A state budget that closed a $24 billion deficit last month dramatically reduced state spending for kindergarten through eighth-grade textbooks, and a result most school districts are also putting off buying new high school textbooks, the Los Angeles Times reported Saturday.
California has also moved to allow funds that were supposed to be solely for textbooks to be diverted to other uses -- an amount that totals $334 million this year. The Times said administrators contend that flexibility is essential for dealing effectively with the budget crisis, but at least one state official disagrees.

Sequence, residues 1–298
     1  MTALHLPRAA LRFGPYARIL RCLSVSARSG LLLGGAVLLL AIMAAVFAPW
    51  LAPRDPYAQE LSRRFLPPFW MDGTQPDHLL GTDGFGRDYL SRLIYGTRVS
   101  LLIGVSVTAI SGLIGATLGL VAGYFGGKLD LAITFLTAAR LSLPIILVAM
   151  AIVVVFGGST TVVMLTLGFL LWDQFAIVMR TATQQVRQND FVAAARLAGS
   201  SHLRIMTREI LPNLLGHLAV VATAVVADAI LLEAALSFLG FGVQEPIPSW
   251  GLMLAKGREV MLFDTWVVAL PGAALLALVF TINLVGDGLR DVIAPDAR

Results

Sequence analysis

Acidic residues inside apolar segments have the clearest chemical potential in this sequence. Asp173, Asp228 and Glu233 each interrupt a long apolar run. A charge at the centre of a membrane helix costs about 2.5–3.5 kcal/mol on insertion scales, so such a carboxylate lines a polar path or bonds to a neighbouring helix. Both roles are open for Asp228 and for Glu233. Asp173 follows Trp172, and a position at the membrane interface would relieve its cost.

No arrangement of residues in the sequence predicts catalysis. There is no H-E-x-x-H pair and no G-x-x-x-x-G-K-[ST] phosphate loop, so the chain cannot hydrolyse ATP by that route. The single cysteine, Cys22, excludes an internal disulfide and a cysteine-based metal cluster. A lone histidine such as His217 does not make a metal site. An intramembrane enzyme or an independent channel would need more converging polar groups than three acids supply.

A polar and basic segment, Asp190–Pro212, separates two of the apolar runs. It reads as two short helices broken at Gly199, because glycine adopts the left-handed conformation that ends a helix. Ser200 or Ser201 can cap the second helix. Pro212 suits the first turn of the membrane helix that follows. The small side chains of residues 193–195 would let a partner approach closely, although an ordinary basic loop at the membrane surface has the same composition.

"We need modern, state-of-the-art textbooks, not outdated, antiquated textbooks," Superintendent of Public Instruction Jack O'Connell told the newspaper. "It could be close to a generation before we see new textbooks."
"There is no really good decision," added California Teachers Association President David Sanchez.
Duggar sisters unveil Christian dating rules in new book
Beautician charged with giving client fatal silicone butt injection